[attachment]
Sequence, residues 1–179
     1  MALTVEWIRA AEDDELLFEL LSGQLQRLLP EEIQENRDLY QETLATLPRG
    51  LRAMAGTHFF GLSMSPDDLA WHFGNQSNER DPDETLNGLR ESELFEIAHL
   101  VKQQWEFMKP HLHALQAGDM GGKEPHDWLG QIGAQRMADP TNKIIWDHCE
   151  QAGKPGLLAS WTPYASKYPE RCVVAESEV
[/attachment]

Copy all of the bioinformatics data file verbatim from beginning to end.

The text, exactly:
Sequence, residues 1–179
     1  MALTVEWIRA AEDDELLFEL LSGQLQRLLP EEIQENRDLY QETLATLPRG
    51  LRAMAGTHFF GLSMSPDDLA WHFGNQSNER DPDETLNGLR ESELFEIAHL
   101  VKQQWEFMKP HLHALQAGDM GGKEPHDWLG QIGAQRMADP TNKIIWDHCE
   151  QAGKPGLLAS WTPYASKYPE RCVVAESEV